I don't think it's the water additions, as I'm thinking its the yeast. This time I tried a new yeast (I would usually go with US-05 for a pale ale, or even Nottingham). I tried the pale ale yeast from Crossmyloof. Unfortunately I wasn't able to do a split brew with and without water treatment so I'll never know.

Dan - it sounds like you haven't brewed this recipe before? I was curious whether you had, however, so you can see if the water additions helped or not?

Reply #37December 09, 2018, 12:17:52 PM

CraigA

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Re: Water treatment
« Reply #37 on: December 09, 2018, 12:17:52 PM »
I've been having a go at water treatment least few brews, but it's not going well.

It would be helpful if Severn Trent provided a calcium level in their report, but they're more concerned detailing less important things like e. coli and arsenic. I had been (incorrectly) assuming hardness and alkalinity were related, and using various online calculators put together a Worcester water profile in Beersmith. Whenever I measured mash pH it always seemed to be in the right range without acid additions, something Beersmith/BF calculators said it wouldn't be, so I was a little confused. I bought a Salifert KH test kit and did a test last night. What I thought was 170ppm turned out to be more like 66ppm for alkalinity. 170ppm is the hardness - doh! I need to get a calcium test kit to get the right level, but at least I have a much more accurate figure to work with for getting pH right.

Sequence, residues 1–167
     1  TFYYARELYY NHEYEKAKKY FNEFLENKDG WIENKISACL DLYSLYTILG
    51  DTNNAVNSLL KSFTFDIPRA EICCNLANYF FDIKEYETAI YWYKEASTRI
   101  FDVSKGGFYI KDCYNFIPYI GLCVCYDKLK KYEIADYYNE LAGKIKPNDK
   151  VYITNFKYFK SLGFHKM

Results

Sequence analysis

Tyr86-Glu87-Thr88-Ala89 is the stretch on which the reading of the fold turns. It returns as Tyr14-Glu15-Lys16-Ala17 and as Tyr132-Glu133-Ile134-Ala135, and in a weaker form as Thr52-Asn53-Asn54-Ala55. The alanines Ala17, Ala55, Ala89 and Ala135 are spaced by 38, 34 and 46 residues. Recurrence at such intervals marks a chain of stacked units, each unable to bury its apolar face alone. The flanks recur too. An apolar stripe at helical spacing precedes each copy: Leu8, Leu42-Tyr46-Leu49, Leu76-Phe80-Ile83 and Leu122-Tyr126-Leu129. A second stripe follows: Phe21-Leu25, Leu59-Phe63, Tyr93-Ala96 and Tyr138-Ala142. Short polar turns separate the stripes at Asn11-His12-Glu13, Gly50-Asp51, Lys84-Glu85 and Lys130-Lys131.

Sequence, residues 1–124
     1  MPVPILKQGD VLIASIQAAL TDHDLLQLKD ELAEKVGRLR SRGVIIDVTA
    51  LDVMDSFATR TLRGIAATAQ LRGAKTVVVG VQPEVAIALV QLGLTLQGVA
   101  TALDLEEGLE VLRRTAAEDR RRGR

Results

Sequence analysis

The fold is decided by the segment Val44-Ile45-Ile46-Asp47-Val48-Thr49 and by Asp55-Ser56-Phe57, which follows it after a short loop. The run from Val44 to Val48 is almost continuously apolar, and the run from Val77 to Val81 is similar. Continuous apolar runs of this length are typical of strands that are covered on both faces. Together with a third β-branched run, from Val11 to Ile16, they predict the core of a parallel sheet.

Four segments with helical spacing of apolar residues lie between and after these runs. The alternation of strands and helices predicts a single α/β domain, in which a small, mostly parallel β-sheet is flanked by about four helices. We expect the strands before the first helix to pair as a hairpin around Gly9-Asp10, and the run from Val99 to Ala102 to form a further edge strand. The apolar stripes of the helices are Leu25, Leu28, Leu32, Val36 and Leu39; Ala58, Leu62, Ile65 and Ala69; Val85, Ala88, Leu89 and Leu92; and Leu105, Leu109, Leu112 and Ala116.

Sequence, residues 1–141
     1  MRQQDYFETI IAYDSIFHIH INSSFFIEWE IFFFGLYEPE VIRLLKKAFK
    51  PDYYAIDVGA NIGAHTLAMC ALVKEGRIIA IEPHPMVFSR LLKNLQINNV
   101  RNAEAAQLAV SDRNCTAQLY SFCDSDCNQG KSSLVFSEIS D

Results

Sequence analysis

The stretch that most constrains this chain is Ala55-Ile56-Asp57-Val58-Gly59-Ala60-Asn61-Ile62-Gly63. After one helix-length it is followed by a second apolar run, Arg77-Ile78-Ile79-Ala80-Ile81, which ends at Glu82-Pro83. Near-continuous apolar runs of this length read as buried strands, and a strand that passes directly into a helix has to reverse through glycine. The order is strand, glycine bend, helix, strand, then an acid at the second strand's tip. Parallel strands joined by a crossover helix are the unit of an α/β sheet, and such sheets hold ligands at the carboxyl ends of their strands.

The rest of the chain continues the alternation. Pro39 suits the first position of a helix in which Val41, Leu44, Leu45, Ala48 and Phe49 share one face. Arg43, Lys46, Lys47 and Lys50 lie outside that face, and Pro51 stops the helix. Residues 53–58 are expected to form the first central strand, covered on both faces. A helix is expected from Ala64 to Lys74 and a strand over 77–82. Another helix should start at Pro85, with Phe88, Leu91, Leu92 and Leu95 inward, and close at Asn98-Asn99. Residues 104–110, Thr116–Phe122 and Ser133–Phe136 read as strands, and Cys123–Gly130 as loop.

Using the calculator here https://www.lenntech.com/ro/water-hardness.htm I managed to get very rough figures for calcium and magnesium just by putting in different amounts and checking the English degrees until it hit 11.8 (from the ST report).

Alkalinity: 66ppm
Ca: 48ppm
Mg: 12ppm
Na: 35ppm
SO4: 52ppm